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I had enjoyed it so much that I hadn’t taken as many photos as I possibly could have, and I’m ok with that. It means I was in the moment enjoying the food, surroundings, and people around me.

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I loved seeing so many friends and family I hadn’t seen in over 2 years! Being back home in the State College  area was comforting, refreshing, and rejuvenating.  I answered a variety of questions from “what is your favorite food in Moldova?” to “how is your heart?”
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… I enjoyed foods I’ve missed…
…I got to hold little ones who were not around when I left 2 years ago…
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…I soaked in the beautiful nature as I walked through parks and around the Penn State campus…
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…I enjoyed learning how to play Pokemon Go thanks to some enthusiastic friends…
30 days of special leave looks like random adventures… reconnecting with people…
sharing stories… laughing… reminiscing… and embracing all the hugs as humanly possible! Now onward to year 3 with Peace Corps in Moldova! I’m looking forward to the year ahead!

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A joy-filled July

This past month of July has been quite full of travels and transitions.

On the 4th of July I celebrated the holiday with my host family by making burgers. I had to get creative as it was too hot to use the oven, so I made them on the stovetop. I got the nod of approval, even with the improvisation.

The new Peace Corps trainees finished up their second month of training in July and I got to meet many of them during various trainings I implemented and panels I participated in.


I said more goodbyes to PCV friends as they rang the bell to finish their 2 years of service.


There was a send off party hosted by UN Women for the girls who attended the Technovation World Pitch Summit in San Francisco before they left.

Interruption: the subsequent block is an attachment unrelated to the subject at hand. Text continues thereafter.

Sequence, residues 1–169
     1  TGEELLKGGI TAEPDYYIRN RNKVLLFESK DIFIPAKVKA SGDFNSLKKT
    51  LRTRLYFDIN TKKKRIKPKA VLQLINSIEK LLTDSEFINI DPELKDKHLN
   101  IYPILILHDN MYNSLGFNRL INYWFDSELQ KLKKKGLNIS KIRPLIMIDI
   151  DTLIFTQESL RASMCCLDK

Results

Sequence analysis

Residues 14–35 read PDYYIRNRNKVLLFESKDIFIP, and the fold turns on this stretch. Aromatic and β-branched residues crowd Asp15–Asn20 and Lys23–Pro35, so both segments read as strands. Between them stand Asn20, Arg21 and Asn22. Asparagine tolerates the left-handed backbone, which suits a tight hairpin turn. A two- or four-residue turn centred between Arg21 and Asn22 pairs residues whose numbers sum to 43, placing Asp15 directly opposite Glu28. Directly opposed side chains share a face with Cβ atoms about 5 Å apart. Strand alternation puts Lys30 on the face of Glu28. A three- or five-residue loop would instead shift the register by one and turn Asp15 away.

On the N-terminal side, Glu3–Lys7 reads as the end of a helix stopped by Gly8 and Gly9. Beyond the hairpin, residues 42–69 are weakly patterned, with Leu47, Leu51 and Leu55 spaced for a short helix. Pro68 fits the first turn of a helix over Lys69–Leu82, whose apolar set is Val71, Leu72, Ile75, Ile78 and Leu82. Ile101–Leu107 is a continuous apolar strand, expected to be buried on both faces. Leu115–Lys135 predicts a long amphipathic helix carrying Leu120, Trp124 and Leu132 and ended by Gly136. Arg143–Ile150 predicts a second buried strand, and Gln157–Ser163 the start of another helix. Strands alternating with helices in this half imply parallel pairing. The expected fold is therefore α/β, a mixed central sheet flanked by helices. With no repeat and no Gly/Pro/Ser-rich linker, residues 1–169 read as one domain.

Then there was the quick trip to San Francisco for the Technovation training for the new Master Educator program training during the World pitch summit.


When I returned to Moldova, I had 2 weeks to say more goodbyes to volunteers, do a few more trainings, and to pack up all my stuff from my host family’s home. But before all the “packing-up-my-life” chaos began I went to the village house with my host family to relax and take a break before things got too crazy.


It took me about 2-3 days to go through everything from the past 2 years and to prepare it for the move to the capital city. Plus I had to prepare my bag for going home as well. It’s amazing to see how easy it is to accumulate so much stuff in a short amount of time.


On my final evening in Balti with my host family we had a little celebration with some of my favorite foods and my host dad pulled out the accordion and sang a song about me leaving.


My heart is full as I am incredibly grateful for the past 2 years with my host family in Balti. We experienced a lot of ups and downs and life as it is…full of messiness and complicated situations. We’ve seen one another at our best and worst and I wouldn’t trade them. They’ve taught me a lot about life and have become some of my biggest encouragers and part of my support system here in Moldova. My Peace Corps service would not be the same without them.

I’ve left for special home leave where I’ll be gone for 30 days to spend time with family and friends in PA. You won’t be hearing from me much in August as I’ll be taking a needed break. I’ll be returning to Moldova in September where I will continue my Peace Corps service for a 3rd year but with a new primary organization and location. I’ll share more then, but until then enjoy the rest of your summer!